As mentioned above, Qin Shi Huangdi was China’s first emperor; he was a trailblazing figure and has a lot of contribution in the world history. He had tremendous accomplishments ranking him on the levels of Napoleon, Caesar and Alexander the Great. The well known cultural symbol such as Great Wall that was built on the North to protect against attack, vast mausoleum that was guarded by the life-sized Teracotta soldiers found at the burial site for Shi Huangdi; standardized the legal systems, language and writing of China and standardization of measurements were some of Qin Shi Huangdi’s accomplishment.

During his time, currency was also standardized – a circular copper coin with a square hole in the middle; roads and irrigation canal were constructed all over the country. But, his most extraordinary achievement was the conquest of the six warring states to create China’s first empire in 221 B.C. Qin Shi discovered the incredible technological and societal advances through bright recreation and cautious elucidation.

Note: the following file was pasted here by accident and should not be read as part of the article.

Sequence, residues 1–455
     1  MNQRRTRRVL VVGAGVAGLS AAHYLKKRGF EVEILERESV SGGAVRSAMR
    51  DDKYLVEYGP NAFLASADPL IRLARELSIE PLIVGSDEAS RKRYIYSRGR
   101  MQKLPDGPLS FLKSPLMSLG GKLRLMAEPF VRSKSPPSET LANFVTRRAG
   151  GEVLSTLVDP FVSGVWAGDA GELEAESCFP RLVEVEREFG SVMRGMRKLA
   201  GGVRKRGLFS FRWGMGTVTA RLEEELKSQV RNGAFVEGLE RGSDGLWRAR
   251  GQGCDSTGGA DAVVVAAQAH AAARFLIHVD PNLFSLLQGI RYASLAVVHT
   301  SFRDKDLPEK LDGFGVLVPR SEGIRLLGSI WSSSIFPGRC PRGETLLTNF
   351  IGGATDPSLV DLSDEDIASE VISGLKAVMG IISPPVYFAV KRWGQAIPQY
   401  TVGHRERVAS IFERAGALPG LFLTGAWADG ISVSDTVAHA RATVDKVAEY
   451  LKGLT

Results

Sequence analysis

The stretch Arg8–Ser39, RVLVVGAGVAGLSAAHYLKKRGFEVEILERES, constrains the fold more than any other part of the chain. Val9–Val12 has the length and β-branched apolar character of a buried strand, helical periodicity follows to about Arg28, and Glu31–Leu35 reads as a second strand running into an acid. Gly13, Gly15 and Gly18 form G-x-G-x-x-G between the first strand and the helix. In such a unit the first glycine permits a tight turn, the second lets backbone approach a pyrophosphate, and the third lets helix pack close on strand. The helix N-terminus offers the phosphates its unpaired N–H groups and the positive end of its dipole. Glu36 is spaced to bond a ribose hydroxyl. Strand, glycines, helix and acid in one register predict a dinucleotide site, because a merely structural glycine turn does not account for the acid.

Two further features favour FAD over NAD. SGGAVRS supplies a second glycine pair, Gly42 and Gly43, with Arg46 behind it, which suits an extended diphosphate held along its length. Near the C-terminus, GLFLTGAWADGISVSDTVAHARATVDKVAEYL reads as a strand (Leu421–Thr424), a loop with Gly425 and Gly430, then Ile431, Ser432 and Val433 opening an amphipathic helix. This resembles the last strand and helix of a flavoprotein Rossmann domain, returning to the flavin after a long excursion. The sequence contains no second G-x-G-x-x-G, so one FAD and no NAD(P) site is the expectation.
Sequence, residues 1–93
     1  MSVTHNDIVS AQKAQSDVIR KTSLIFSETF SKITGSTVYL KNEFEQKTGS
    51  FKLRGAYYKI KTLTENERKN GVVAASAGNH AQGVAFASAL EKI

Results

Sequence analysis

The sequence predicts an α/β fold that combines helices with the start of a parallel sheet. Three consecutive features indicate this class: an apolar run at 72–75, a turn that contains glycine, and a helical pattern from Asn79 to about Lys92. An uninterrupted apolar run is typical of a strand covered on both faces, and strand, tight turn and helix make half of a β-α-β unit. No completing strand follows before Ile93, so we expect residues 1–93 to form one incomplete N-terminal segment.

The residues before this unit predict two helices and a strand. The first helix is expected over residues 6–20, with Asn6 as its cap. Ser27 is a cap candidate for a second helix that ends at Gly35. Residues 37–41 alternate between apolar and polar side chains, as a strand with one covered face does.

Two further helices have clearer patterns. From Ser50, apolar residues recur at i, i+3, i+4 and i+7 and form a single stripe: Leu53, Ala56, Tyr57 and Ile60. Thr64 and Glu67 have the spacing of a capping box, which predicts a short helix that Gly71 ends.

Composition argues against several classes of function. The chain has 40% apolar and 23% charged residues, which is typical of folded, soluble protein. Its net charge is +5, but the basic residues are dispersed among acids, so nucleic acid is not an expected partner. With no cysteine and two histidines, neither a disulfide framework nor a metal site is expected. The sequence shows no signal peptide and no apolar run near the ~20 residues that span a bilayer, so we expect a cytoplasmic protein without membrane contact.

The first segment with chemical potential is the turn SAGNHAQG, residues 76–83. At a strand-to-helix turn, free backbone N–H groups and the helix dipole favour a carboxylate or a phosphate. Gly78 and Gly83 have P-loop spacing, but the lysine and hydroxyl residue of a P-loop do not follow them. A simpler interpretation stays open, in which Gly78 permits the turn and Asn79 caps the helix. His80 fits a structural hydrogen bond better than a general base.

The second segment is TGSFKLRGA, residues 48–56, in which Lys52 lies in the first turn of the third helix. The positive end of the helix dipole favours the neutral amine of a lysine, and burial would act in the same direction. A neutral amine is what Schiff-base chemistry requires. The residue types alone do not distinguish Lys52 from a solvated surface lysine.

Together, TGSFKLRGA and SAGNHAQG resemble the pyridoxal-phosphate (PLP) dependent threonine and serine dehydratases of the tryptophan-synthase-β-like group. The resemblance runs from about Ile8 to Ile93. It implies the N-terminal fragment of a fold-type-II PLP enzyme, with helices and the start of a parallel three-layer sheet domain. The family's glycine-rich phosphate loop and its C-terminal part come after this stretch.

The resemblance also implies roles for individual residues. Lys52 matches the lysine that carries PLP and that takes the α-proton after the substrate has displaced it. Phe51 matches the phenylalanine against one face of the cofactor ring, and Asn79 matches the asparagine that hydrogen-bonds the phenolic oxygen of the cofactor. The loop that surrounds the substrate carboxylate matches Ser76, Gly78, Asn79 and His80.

Great Wall of China

            The first emperor commenced a number of projects to further defend his territory while building offensive ways to continue the development of his empire. One of these projects was the Great Wall which spans around 1,864 miles wherein 700,000 mostly peasant people were tasked to build it to protect his kingdom from the Nomadic invaders from the North.

Creation of canals and highways

He also created canals that convey food and were also used to dampen or irrigate new fields. With the creation of canals as transportation and irrigation of fields, he moved on the people to take possession of underutilized land. This is the first time in the history of China that people were given land to put up their own private property.